Brand has lost everyone he loves, everything he was – but for his life. He’s fled the camps and managed to make his way to Palestine, to walk the crooked streets of Jerusalem. This is not the city we know, nor is it a city he knows. Under the rule of the British Mandate, Jerusalem is no haven for the Jews. Brand is by definition part of an underground resistance movement that he cannot, does not know. He must re-define himself when the world around him evades definition.
With City of Secrets, Stewart O’Nan takes yet another step into the dark heart of noir, with a story that unfolds as a pre-Cold War spy thriller. Brand is a perfect noir protagonist, who becomes involved in something bigger than himself. He meets a superbly crafted femme fatale, Eva, and falls for her as he searches for himself. The Jews flooding the city are preparing an insurgency. The Brits are the enemy. What we consider our world is upside-down.
City of Secrets is an intense thriller a lovely noir and a surprisingly powerful romance. O’Nan handles all this with a masterful sense of pacing, plotting and prose that keeps a book chock full of action and memorable scenes surprisingly succinct. But O’Nan also packs a remarkably complex moral calculus into the book. It slots in perfectly with the noir elements and the spy-story overtones to create a reading experience that is unique but feels excitingly familiar.
The set pieces here are hair-raising in a number of ways. They’re engagingly cinematic and deeply woven with the qualms Brand feels as he senses how little he knows. But the whole milieu is also cognitively dissonant for the reader, because the Jerusalem of then is so different from the Jerusalem of now. The political upheavals to come after this book have truly inverted the world of this book. But for most readers, those upheavals are the starting point.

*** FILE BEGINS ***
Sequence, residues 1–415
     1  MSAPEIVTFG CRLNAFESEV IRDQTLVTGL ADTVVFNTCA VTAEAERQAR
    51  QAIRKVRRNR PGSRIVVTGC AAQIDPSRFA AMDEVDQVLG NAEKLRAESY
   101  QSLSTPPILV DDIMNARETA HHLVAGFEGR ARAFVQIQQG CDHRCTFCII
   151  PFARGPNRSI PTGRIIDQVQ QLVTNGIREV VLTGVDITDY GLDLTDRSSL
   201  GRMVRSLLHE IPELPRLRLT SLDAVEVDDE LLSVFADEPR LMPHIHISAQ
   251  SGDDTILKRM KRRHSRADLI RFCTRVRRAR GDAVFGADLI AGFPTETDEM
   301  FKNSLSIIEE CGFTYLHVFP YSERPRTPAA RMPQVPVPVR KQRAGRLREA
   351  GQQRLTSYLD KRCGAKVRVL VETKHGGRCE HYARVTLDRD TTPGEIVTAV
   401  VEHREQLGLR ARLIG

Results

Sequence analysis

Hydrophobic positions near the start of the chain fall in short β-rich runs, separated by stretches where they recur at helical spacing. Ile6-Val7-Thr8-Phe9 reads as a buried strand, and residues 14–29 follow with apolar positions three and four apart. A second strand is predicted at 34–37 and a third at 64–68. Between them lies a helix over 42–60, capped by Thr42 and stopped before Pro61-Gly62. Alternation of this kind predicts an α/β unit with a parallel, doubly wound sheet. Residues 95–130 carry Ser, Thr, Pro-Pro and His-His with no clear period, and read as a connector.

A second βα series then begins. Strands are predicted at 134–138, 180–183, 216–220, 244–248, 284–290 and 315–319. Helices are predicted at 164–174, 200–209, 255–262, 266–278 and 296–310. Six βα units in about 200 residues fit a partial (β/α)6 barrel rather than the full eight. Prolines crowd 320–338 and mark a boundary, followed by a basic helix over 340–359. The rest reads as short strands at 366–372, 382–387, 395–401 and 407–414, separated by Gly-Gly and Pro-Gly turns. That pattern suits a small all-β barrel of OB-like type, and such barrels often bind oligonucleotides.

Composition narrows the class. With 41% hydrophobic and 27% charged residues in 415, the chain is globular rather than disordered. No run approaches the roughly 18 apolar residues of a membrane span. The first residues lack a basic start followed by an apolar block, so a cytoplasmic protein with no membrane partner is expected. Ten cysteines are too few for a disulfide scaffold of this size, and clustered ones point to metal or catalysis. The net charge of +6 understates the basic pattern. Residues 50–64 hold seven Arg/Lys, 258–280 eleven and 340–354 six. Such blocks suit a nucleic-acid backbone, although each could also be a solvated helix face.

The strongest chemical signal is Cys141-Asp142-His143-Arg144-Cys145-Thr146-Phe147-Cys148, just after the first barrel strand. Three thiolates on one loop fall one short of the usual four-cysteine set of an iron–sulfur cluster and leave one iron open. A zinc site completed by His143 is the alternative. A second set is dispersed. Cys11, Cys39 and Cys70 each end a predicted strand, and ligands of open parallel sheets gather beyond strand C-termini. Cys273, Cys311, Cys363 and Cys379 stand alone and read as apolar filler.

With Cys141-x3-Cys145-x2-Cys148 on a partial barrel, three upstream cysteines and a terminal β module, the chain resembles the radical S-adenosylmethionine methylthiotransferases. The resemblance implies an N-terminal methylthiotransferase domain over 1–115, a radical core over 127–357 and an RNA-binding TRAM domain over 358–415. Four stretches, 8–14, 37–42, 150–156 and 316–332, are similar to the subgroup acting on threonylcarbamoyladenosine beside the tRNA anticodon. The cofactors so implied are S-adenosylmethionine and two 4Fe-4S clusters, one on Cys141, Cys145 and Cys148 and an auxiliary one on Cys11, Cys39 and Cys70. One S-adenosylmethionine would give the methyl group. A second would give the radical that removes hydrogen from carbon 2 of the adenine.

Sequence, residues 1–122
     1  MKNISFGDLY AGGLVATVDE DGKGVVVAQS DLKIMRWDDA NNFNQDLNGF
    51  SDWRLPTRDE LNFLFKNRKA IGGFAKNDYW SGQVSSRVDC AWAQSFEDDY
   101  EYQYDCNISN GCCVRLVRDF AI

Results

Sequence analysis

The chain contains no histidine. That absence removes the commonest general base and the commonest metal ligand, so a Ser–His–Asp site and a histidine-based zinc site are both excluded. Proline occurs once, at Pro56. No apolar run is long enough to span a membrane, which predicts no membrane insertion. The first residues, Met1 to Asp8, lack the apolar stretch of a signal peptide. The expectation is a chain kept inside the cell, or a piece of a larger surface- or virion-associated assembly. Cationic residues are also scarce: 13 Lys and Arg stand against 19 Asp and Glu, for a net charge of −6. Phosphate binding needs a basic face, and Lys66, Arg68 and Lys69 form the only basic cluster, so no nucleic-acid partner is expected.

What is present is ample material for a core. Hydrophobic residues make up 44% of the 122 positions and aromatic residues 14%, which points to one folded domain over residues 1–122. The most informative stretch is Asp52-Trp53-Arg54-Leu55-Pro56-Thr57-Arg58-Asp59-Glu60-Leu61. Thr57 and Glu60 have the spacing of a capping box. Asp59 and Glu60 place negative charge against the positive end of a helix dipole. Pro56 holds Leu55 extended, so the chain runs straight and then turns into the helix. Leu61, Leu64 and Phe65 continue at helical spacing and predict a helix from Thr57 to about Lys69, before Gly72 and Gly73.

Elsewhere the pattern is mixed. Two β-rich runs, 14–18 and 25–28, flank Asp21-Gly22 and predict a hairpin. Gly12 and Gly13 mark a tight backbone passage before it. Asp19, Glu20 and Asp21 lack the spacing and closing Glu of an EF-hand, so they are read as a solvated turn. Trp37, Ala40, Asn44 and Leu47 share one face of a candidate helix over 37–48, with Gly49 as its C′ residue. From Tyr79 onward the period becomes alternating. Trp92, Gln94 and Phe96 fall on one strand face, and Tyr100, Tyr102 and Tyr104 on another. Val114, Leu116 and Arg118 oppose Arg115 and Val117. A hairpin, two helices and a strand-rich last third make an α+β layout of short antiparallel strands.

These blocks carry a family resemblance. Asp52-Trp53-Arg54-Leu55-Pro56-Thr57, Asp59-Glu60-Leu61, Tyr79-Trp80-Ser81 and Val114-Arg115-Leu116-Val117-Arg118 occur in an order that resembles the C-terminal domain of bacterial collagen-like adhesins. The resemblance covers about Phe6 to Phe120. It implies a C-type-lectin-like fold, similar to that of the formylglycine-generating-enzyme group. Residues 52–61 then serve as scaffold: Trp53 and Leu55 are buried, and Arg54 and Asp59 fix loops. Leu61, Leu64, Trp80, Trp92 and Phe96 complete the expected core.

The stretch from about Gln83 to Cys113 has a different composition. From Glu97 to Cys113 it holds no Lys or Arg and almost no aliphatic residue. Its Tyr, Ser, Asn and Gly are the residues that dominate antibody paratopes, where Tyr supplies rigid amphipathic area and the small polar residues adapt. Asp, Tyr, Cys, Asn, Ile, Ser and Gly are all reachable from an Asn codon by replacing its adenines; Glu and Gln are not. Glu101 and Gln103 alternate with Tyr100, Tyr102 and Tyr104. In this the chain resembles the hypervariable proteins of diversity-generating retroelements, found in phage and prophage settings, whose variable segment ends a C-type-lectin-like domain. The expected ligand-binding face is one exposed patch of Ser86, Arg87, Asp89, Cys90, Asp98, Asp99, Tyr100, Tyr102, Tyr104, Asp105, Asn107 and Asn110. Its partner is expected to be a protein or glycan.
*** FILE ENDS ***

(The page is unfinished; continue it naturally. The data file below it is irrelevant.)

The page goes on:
City of Secrets is yet another amazing demonstration of Stewart O’Nan’s talent and versatility, and it is one hell of a gripping, engaging reading experience. Chandler, Hammett, Le Carré, and Orson Welles come to mind, but O’Nan is very much on his own here. For all the exotica, it comes down to a simple question and an unfortunate answer; What will you do to define yourself? When you become involved in something bigger than you are, you can easily find someone else doing the defining for you.
I sat down with Stewart O’Nan at KQED Arts to talk about City of Secrets without giving away the secrets of the novel. You can download our conversation by following this link.
Or you can put on your headset and listen in secret right here: